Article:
When buying new equipment your money is on the line.
And, camera equipment is expensive. To make the best purchase you need to consider three essential things above all else. These are the fundamentals of buying the best kit you can afford.
Seeing is believing…
The camera is NOT the most important purchase. Your lenses are the most important. A camera records light. If the lens is perfect the camera will record it. If the lens suffers from chromatic aberration, optical distortion, internal reflection, inaccurate element alignment or any one of many other defects your record will be affected. The lens is the critical component. The lens forms your picture. Buy a bad lens you will get a bad picture. The camera comes second.
Don’t purchase your equipment mainly around your camera. Think first of what you want to achieve, then consider what lens you need to achieve it. Next, work out what camera you should buy to record the pictures created by that lens. Future additional lenses you buy should be of at least the quality established by your original lens purchase. Lesser lenses would compromise your standards. The lens governs the integrity of your system.
Buy your camera for what you need
Don’t buy a camera body to impress others. Buy a camera body to meet the quality needs of your lens. A body that exceeds the quality of your lens is wasted money unless you know you will be able to afford to trade up your lenses later. You will probably spend more money on lenses than camera bodies for your hobby. So, buy the best possible lens you can afford. Then, with the rest of the money, buy your body to meet the quality standard established by your lens. Don’t buy the camera and get a cheap lens with the rest of the money! Look to the future.
Make sure your camera body is what you need. Modern cameras are pretty sophisticated. They have the ability to out perform the inexperienced user by a long distance. So if you are inexperienced at buying/using a camera, make sure you get the camera you need. If you are buying a camera that has everything then you may not be able to carry it. So consider size weight, functions and image quality – but most important consider what you want to do with it.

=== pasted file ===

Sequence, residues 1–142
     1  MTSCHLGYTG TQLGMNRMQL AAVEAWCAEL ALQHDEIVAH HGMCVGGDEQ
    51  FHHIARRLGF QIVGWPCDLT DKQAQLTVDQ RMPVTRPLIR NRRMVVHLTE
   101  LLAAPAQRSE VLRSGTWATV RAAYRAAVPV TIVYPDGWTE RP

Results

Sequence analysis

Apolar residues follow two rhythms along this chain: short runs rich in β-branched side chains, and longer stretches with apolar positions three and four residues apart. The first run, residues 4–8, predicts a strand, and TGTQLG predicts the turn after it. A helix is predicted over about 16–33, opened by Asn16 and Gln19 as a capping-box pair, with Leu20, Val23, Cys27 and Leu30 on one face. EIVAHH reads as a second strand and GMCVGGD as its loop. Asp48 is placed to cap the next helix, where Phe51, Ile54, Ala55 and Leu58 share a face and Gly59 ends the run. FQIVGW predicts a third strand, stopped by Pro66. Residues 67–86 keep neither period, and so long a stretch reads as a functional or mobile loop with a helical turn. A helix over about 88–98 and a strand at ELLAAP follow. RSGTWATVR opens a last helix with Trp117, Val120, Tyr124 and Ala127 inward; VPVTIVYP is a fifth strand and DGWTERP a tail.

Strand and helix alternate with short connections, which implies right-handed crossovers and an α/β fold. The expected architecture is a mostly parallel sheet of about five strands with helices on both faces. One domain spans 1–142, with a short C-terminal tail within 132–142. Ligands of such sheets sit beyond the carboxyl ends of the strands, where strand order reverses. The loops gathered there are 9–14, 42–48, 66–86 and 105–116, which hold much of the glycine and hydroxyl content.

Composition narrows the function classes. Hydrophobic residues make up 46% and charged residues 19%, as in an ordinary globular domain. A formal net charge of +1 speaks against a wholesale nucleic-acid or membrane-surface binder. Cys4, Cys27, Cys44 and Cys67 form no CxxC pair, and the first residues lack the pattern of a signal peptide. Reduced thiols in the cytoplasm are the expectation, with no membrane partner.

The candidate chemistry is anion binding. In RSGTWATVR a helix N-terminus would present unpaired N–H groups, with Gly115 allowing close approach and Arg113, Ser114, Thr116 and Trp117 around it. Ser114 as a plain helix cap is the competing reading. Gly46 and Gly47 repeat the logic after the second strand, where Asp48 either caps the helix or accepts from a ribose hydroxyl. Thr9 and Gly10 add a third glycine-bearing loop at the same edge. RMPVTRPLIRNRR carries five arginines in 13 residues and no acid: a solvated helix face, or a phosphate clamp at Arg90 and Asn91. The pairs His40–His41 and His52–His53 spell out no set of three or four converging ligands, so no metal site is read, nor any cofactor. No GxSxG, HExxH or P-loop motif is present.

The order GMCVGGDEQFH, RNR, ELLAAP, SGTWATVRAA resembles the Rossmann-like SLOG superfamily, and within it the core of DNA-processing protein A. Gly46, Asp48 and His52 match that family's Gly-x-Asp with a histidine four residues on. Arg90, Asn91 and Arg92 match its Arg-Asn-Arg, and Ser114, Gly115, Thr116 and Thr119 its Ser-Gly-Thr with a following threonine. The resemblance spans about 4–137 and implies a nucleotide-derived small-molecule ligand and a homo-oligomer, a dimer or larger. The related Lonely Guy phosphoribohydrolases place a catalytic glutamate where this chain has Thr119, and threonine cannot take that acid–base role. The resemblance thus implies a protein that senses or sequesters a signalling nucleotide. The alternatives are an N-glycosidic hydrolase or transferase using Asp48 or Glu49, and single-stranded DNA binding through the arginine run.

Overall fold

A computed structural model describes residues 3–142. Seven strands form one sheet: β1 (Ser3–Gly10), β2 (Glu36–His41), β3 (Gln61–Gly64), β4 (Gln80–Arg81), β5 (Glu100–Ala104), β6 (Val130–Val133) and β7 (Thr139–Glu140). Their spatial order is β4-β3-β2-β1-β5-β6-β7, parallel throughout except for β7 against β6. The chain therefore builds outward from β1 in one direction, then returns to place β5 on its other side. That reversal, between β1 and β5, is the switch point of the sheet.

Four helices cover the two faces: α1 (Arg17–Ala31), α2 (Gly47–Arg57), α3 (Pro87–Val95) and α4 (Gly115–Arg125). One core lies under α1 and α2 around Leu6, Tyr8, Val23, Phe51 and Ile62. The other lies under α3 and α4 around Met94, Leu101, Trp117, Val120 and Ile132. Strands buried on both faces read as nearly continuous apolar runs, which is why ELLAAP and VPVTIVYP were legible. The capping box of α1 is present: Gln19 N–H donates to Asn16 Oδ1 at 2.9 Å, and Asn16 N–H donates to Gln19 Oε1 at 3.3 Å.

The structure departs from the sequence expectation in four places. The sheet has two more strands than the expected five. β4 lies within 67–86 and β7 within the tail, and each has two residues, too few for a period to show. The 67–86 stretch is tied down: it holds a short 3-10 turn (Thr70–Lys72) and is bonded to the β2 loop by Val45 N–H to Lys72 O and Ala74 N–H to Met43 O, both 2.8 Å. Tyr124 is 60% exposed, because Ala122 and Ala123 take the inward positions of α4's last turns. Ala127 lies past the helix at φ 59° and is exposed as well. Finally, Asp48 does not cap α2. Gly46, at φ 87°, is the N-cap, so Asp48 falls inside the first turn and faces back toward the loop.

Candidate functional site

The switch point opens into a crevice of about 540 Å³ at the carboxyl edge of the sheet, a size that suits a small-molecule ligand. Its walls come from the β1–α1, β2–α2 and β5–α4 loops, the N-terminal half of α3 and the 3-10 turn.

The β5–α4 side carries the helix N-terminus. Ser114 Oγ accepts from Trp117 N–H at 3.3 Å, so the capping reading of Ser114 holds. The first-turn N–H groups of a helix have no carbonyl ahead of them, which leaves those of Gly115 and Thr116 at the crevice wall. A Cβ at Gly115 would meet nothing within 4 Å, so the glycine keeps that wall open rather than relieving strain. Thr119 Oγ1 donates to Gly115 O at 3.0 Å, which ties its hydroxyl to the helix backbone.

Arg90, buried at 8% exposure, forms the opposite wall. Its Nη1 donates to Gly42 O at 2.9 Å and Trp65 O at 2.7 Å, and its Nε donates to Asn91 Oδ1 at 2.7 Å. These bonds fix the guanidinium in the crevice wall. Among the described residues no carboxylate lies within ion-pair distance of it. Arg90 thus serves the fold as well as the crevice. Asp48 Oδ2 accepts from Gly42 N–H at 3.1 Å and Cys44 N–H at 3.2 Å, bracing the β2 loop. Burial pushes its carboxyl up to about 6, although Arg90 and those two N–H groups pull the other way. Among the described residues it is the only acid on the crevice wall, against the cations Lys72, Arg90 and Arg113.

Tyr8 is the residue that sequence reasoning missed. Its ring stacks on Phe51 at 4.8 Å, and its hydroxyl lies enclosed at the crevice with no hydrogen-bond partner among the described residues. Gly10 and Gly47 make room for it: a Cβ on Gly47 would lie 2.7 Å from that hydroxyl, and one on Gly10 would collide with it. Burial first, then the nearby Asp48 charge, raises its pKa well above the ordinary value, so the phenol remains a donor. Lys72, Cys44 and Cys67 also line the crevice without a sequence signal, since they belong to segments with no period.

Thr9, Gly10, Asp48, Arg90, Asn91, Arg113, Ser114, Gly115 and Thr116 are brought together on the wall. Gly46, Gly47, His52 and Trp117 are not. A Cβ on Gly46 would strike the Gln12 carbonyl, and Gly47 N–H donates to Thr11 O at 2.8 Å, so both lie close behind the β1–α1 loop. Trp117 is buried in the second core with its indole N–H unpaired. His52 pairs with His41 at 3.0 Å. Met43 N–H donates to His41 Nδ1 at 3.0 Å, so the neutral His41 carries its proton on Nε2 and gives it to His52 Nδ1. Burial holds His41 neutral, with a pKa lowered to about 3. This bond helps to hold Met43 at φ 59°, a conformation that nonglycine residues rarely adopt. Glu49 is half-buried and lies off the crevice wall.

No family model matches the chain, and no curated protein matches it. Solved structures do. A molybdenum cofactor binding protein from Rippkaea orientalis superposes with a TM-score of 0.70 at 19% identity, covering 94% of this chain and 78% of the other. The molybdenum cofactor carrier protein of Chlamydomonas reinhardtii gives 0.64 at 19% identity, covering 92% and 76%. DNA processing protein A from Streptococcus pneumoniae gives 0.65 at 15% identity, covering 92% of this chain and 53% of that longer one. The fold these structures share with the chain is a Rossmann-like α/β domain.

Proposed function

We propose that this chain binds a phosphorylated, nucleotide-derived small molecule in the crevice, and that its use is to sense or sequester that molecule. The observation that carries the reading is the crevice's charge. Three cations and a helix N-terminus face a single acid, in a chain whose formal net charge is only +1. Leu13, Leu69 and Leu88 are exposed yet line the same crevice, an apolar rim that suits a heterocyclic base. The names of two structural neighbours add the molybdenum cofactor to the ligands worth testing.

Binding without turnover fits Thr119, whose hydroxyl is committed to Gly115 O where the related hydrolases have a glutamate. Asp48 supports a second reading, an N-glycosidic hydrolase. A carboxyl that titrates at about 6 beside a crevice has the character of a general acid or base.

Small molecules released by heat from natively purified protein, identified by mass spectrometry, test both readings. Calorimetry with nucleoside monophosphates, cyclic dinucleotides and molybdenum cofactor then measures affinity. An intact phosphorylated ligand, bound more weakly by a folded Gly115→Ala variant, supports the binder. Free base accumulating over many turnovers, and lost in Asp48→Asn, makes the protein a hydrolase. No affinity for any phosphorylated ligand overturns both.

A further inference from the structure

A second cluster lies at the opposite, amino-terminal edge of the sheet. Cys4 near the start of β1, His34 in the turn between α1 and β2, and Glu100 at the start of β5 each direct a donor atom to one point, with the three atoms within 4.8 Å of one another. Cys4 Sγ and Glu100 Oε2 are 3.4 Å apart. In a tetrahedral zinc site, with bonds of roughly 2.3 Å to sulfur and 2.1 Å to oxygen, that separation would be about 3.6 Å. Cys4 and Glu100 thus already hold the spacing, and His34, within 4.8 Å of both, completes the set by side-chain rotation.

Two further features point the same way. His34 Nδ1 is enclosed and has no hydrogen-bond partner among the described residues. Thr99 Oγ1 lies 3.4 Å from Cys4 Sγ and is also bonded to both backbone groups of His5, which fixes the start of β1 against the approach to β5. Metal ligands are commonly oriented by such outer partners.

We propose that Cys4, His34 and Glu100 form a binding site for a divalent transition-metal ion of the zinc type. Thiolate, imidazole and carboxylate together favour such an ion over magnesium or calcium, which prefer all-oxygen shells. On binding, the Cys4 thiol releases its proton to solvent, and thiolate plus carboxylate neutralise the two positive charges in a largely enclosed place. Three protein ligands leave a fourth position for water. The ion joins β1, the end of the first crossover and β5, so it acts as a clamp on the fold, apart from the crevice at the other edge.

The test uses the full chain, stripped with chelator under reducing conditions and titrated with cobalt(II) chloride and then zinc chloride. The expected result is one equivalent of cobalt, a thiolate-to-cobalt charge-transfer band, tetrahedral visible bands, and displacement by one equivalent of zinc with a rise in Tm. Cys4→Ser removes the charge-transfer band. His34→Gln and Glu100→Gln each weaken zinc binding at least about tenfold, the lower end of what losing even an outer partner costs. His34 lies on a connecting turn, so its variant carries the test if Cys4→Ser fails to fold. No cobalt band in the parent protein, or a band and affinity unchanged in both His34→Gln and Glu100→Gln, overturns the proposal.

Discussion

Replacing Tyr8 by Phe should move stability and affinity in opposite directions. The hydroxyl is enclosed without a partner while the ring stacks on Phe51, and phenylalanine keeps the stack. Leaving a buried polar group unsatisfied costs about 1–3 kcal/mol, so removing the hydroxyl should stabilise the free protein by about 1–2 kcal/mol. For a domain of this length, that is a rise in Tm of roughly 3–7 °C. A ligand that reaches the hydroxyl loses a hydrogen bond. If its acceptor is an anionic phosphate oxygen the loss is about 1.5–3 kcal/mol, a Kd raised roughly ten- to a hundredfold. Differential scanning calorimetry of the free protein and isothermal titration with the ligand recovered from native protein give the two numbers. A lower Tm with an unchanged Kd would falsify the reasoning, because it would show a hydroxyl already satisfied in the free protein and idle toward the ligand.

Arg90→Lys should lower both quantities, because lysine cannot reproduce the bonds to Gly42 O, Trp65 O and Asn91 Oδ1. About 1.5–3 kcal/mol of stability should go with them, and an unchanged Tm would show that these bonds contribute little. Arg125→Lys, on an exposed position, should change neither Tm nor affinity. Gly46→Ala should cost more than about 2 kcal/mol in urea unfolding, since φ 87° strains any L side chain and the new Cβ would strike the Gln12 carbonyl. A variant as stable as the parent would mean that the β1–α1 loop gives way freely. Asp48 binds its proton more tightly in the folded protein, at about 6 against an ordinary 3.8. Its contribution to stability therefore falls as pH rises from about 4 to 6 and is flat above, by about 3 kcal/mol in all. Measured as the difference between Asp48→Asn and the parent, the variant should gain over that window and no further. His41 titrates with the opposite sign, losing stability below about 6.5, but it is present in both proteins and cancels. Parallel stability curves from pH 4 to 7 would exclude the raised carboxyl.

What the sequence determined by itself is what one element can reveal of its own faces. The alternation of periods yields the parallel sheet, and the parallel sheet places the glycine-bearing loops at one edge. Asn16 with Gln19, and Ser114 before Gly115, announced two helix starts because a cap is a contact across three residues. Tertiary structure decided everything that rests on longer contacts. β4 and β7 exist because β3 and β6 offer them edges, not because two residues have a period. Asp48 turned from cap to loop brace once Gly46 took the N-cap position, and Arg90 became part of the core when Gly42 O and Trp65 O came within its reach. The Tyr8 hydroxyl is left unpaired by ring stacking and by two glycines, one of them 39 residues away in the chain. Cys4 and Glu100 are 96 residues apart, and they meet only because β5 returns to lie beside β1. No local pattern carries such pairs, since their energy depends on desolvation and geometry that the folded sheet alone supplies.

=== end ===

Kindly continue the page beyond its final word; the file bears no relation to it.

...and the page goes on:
There is little point buying a Top-Of-The-Range professional camera, for holiday snaps once a year. There is little point buying a point-and-shoot camera if you want to do high quality macro work. Spend time listing what you are interested in and then look for the camera body to meet that need and match the quality of your lens.
Give yourself time
People often rush into buying a camera. A committed and experienced owner will probably have a pretty good idea from discussions with other photographers and some reading about their needs and aspirations. They will have spent months thinking about it and considering the options. Inexperienced user/buyers don’t have that background. Consider joining a club and talking with members for a while first. Get a range of opinions and try to understand the issues that make the purchase correct for you before buying.
Don’t just walk into a camera shop and hope you will get good advice. You will probably get great advice relating to the person serving you. A sales assistant will think hard about two things… her commission and what she would do in your place. Both those are not about your photography. Spend time looking carefully at your requirements before passing over hard-earned cash. Your judgement will be about your photography.
Take time, learn a few lessons and understand photography before making a big purchase. It has been said many, many times that you can make great photographs on quite cheap equipment. Great photographs are not created on expensive, feature-rich equipment unless you are able to use that equipment properly and have lenses that match its quality.